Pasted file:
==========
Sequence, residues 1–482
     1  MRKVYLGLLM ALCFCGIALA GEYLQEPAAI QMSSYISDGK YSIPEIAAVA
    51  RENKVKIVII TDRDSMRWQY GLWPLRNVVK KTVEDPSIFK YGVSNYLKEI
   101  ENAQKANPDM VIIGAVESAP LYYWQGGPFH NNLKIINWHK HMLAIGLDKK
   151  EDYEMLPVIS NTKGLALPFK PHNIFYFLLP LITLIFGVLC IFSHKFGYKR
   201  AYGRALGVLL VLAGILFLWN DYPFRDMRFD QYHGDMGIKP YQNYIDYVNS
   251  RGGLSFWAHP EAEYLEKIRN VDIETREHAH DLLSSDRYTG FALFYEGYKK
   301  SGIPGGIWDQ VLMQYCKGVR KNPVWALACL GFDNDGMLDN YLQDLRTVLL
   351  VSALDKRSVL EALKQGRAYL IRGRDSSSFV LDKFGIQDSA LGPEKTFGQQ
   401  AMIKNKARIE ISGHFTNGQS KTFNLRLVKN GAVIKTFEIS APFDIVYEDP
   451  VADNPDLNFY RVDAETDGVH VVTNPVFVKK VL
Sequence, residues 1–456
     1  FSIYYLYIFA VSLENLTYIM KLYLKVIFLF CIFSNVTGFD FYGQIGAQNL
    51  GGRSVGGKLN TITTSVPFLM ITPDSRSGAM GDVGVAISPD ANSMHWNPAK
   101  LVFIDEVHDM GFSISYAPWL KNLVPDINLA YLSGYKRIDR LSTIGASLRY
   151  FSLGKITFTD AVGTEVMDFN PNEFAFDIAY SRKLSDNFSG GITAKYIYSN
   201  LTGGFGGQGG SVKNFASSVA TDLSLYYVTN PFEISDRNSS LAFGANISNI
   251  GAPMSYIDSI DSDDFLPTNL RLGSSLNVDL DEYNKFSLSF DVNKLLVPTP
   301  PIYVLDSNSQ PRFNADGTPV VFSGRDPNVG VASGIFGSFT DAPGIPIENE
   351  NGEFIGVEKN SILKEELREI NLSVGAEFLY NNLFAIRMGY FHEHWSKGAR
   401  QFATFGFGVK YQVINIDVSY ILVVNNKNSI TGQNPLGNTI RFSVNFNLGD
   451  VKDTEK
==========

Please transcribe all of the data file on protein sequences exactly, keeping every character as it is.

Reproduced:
Sequence, residues 1–482
     1  MRKVYLGLLM ALCFCGIALA GEYLQEPAAI QMSSYISDGK YSIPEIAAVA
    51  RENKVKIVII TDRDSMRWQY GLWPLRNVVK KTVEDPSIFK YGVSNYLKEI
   101  ENAQKANPDM VIIGAVESAP LYYWQGGPFH NNLKIINWHK HMLAIGLDKK
   151  EDYEMLPVIS NTKGLALPFK PHNIFYFLLP LITLIFGVLC IFSHKFGYKR
   201  AYGRALGVLL VLAGILFLWN DYPFRDMRFD QYHGDMGIKP YQNYIDYVNS
   251  RGGLSFWAHP EAEYLEKIRN VDIETREHAH DLLSSDRYTG FALFYEGYKK
   301  SGIPGGIWDQ VLMQYCKGVR KNPVWALACL GFDNDGMLDN YLQDLRTVLL
   351  VSALDKRSVL EALKQGRAYL IRGRDSSSFV LDKFGIQDSA LGPEKTFGQQ
   401  AMIKNKARIE ISGHFTNGQS KTFNLRLVKN GAVIKTFEIS APFDIVYEDP
   451  VADNPDLNFY RVDAETDGVH VVTNPVFVKK VL
Sequence, residues 1–456
     1  FSIYYLYIFA VSLENLTYIM KLYLKVIFLF CIFSNVTGFD FYGQIGAQNL
    51  GGRSVGGKLN TITTSVPFLM ITPDSRSGAM GDVGVAISPD ANSMHWNPAK
   101  LVFIDEVHDM GFSISYAPWL KNLVPDINLA YLSGYKRIDR LSTIGASLRY
   151  FSLGKITFTD AVGTEVMDFN PNEFAFDIAY SRKLSDNFSG GITAKYIYSN
   201  LTGGFGGQGG SVKNFASSVA TDLSLYYVTN PFEISDRNSS LAFGANISNI
   251  GAPMSYIDSI DSDDFLPTNL RLGSSLNVDL DEYNKFSLSF DVNKLLVPTP
   301  PIYVLDSNSQ PRFNADGTPV VFSGRDPNVG VASGIFGSFT DAPGIPIENE
   351  NGEFIGVEKN SILKEELREI NLSVGAEFLY NNLFAIRMGY FHEHWSKGAR
   401  QFATFGFGVK YQVINIDVSY ILVVNNKNSI TGQNPLGNTI RFSVNFNLGD
   451  VKDTEK